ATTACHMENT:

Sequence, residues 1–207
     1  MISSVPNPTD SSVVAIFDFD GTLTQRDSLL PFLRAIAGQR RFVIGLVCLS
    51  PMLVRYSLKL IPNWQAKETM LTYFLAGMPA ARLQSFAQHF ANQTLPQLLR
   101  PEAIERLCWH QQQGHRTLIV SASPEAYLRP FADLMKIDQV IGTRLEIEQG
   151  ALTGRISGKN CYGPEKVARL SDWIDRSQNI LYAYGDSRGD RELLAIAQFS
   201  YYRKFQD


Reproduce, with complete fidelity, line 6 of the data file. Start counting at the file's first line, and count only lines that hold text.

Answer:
   201  YYRKFQD